My first search started with a company out of California, but they didn't find anything. They let me linger for 2 years, like a carrot just out of reach, and then sent me a letter saying that my case was closed because Loretta Smythe Staley was a fictitious name and there was no one in the United States by that name. I was devastated. I had been waiting for 2 years with the hope that they would find something, and then my case was closed and they couldn't give me one shred of information about her. I was back to square one, and out several thousand dollars.

Then a few months ago a friend of mine saw Troy The Locator. At her insistence, I put in a request at the website. I kept submitting requests until finally I got a call back from Patty at Search Quest America. I started talking to her and one thing led to another and here we are. And it was definitely worth it! I first signed the papers in December and by April I received the phone call I had been waiting for.

Julie explained that she had found my mother, and had spoken with the man she lived with. Unfortunately, she had a brain aneurism four years ago, and she has good days and bad days. She's not quite the same woman she was, but she has lucid moments when her old self starts coming back again. Gordon says she wept when she found out I was searching for her. She called on one of her good days.

It turns out there are no medical skeletons in the family closet. I don't have any answer for the problems I've been having, but I do have answers to all my other questions. I just got off the phone with her and if you ask me how I'm feeling I don't know what I would even say.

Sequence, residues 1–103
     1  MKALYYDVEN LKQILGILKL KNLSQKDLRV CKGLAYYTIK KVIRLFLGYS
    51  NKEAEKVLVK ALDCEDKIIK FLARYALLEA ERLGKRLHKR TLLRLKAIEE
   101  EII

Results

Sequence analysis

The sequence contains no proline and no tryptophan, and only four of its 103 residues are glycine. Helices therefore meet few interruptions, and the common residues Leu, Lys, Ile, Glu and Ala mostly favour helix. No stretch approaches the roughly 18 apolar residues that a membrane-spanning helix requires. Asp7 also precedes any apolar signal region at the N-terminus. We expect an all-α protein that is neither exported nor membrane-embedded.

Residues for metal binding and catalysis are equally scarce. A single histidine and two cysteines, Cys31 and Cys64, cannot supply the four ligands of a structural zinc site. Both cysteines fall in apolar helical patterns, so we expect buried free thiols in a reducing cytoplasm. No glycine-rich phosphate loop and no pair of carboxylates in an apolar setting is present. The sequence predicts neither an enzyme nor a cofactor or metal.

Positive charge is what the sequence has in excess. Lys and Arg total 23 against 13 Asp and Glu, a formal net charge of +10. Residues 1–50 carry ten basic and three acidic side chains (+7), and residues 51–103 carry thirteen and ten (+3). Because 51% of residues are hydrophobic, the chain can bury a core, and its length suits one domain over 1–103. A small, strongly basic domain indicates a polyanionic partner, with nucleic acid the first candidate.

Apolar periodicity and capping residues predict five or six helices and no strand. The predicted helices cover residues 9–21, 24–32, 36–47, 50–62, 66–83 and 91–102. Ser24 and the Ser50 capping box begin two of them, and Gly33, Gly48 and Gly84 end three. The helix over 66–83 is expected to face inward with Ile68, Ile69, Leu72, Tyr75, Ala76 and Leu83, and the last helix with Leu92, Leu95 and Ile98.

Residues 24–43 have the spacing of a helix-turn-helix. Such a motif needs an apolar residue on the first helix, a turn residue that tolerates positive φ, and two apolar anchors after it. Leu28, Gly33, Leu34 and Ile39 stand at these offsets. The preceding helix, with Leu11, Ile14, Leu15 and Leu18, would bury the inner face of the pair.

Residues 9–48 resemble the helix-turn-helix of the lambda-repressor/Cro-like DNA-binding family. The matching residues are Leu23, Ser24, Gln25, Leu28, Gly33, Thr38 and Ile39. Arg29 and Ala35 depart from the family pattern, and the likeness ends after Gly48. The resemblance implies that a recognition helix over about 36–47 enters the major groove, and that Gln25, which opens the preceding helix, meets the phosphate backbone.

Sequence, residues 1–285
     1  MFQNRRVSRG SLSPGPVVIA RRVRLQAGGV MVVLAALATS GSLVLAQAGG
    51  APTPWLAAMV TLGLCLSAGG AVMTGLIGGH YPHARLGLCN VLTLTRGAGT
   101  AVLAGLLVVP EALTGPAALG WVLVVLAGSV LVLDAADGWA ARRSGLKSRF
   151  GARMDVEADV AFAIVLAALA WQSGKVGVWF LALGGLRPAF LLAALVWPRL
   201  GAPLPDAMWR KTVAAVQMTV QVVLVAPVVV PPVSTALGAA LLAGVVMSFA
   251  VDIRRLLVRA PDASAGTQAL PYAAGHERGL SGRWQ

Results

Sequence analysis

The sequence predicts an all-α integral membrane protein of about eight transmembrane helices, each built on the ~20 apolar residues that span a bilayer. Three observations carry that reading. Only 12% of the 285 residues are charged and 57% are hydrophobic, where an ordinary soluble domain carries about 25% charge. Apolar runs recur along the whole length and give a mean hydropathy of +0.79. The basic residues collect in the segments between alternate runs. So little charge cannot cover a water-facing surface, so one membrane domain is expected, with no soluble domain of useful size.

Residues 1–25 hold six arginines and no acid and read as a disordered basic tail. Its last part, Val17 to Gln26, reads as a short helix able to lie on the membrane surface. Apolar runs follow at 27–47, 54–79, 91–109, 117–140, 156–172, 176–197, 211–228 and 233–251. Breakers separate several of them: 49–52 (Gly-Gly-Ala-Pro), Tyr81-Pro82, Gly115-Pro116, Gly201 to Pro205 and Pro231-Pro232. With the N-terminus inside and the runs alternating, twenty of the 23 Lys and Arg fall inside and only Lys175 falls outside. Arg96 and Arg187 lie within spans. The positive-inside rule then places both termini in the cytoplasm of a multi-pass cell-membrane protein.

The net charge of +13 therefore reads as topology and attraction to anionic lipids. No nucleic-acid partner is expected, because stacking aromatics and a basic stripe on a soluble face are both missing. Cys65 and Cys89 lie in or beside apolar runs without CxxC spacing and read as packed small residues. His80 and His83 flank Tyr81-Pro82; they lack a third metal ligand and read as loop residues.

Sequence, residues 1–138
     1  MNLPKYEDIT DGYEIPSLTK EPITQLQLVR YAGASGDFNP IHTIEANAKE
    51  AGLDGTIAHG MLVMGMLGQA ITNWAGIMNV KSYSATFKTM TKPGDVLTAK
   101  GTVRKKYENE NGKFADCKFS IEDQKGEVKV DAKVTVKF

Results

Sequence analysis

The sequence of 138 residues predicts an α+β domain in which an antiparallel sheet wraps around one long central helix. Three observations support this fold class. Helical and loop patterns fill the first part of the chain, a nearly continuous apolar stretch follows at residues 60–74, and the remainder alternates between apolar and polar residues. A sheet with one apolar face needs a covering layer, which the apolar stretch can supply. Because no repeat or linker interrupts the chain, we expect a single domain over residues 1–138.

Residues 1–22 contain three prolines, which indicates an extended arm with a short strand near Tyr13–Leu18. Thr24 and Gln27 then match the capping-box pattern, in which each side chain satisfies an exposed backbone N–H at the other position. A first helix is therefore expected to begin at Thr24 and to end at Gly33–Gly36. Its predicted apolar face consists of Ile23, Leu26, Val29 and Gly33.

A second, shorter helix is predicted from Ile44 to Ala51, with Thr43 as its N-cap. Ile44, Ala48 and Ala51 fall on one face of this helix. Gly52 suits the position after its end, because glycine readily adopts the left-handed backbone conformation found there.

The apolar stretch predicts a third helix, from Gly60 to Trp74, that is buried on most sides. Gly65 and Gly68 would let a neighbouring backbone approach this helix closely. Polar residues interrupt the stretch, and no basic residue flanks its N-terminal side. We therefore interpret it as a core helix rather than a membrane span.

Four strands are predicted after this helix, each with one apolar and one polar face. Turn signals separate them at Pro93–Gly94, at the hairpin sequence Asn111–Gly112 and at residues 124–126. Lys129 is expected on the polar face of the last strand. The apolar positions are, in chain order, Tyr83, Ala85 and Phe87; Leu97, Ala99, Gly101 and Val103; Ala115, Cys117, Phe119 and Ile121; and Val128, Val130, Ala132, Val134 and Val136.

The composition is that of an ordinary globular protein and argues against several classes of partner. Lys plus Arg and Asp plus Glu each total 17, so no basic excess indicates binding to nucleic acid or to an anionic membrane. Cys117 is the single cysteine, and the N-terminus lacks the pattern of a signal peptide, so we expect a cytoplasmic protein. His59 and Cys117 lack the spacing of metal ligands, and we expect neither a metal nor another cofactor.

We talked for a long time, and when she said "I have to go," I started crying. When she said those words something snapped in me and I felt like she was saying goodbye forever. But she said "don't get upset because I have to go. Now that you have taken the time to find me, I'm here and I'm not going anywhere. I won't lose you again."

She and Gordon are going to arrange everything for me to fly to Tennessee in June. I have been telling everyone, if you are serious about your search and you have exhausted all your resources, put some money aside and do it. I would do it again in a heartbeat.

After all is said and done, I'm happy I searched. Ever since I started 10 years ago I have wondered about it. I want to say I'm happy, but I don't know how I feel, really. I'm glad that its over and I don't have to wonder anymore. But I don't know what to do now or what the future holds. I am excited to see photographs of her and find out if my three daughters favor her.

But I still haven't told my adoptive parents that I searched. How will I tell my mom I found her, and will it break her heart? What will I say when I see her in person? I can't figure out why I'm still crying, as I type this. I think it's a relief to finally know, but I'm scared it won't turn out like I've always hoped it would. But I'm praying it will,and I will try to have faith and be patient in the whole process. At least I know she always loved me. Denise.

(Written by Mica Burton on Denises behalf.)